Hernandez de Jesus pleaded guilty to second-degree murder and admitted to killing his 20-year-old nephew, Ricardo Navarrete Prudencio at the Ponderosa Lodge in West Glenwood Springs.
” By Heidi Rice
GLENWOOD SPRINGS ” More than two years after former Colorado State Patrol Trooper Brian Koch was shot, the criminal cases of three suspects charged as accessories reached an end Dec. 5.
But the memory of the shooting may be with Koch forever. He has permanent injuries from the bullet that hit his arm and said, during a trial in May, that his hand always feels like it’s burning. He has left the CSP and took a job as a safety consultant with ConocoPhillips.
Cori Graham, 29, of DeBeque, was sentenced Dec. 5 to four years of probation and 80 hours of community service. She had pleaded guilty to one count of being an accessory to the shooting in exchange for dismissal of three other charges and no jail or prison beyond the two days she’d already served. Graham insisted she was innocent and pleaded guilty only because she couldn’t risk jail time away from her three kids.
Police said Steven Appl, a 33-year-old methamphetamine dealer, shot Koch during a traffic stop near Silt on Oct. 24, 2006. Graham drove Appl in a truck to a police checkpoint where he killed himself with a self-inflicted gunshot. Graham said that Appl had a gun and forced her to drive after she gave a friend a ride home, not knowing he was there.
Nichole Brownell, 41, received a five-year prison sentence in September after being convicted of trying to help Appl escape. Police said she let Appl stay in her home and arranged a ride for him. Brownell was arrested at the Denver International Airport not long before receiving her sentence. Police said she tried to abscond with a one-way ticket to Puerto Rico.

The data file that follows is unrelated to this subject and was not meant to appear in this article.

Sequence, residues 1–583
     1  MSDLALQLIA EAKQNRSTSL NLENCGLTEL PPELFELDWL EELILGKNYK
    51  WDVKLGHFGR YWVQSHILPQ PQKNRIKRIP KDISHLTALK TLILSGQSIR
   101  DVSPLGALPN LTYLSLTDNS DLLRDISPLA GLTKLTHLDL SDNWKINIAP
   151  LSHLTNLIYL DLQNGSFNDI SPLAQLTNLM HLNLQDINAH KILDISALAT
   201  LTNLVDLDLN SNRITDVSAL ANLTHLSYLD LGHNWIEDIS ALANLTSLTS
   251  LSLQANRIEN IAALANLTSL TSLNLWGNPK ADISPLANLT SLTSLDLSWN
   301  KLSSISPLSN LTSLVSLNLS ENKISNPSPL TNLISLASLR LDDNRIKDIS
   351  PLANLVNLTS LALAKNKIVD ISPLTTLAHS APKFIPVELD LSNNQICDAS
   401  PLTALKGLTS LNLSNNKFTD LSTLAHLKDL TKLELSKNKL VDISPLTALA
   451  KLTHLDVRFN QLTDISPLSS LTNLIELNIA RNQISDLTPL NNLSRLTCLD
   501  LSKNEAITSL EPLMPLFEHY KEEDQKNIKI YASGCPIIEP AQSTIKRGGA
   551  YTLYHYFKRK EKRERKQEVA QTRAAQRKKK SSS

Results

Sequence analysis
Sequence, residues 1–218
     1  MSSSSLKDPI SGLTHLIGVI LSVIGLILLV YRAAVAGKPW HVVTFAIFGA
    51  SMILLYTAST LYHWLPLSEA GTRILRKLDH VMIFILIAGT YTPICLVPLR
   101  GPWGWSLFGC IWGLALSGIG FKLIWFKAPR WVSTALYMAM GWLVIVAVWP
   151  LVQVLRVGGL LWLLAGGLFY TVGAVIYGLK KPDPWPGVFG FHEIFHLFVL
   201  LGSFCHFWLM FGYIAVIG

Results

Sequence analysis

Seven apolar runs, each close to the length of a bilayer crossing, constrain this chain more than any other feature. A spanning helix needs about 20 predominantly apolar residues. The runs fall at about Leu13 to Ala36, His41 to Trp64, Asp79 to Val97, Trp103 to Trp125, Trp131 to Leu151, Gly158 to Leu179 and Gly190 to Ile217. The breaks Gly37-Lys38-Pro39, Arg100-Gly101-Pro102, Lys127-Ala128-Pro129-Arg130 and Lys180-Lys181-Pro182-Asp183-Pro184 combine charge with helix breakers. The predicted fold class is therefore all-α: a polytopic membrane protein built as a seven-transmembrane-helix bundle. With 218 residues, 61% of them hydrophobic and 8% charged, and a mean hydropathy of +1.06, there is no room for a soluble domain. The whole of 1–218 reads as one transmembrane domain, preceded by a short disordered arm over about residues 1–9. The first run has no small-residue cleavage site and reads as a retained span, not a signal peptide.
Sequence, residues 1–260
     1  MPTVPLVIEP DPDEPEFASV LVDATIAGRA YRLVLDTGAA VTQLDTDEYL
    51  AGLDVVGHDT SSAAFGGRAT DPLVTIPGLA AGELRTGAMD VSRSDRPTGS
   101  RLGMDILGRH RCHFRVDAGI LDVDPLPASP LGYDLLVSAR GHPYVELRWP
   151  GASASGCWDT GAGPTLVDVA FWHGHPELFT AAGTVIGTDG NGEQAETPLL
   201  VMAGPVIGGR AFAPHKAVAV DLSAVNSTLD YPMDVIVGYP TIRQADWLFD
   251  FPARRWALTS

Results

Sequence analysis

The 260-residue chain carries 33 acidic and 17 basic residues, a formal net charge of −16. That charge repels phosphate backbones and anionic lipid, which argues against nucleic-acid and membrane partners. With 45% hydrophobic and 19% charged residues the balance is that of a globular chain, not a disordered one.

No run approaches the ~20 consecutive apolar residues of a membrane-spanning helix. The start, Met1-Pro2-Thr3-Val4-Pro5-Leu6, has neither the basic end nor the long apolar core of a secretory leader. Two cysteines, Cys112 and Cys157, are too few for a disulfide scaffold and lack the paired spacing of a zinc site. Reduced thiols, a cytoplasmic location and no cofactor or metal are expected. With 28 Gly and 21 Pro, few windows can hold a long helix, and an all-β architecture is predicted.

Wayne Hangs, a 46-year-old truck driver who owned the home Brownell lived in, was also accused as an accessory to the shooting. He struck a plea deal with prosecutors that could lead to the case against him being dismissed after an 18-month term of probation under a deferred judgment and sentence.
Glenwood shooting case
While one local shooting case came to an end, another investigation continues. The July 29, 2007 shooting of a Glenwood Springs police officer is still unresolved. In August, authorities refused to discuss why two men were arrested on suspicion of the shooting then released weeks later for a lack of evidence.
Authorities also wouldn’t rule out either man as a possible suspect. Search and arrest warrant affidavits which were expected to shed light on the reasoning behind the arrests remain under seal and hidden from public view.
The police officer was shot near the Glenwood Airport at a vehicle impound lot. The bullet struck the officer in the chest but he was wearing a bulletproof vest, which likely saved his life.
” By Pete Fowler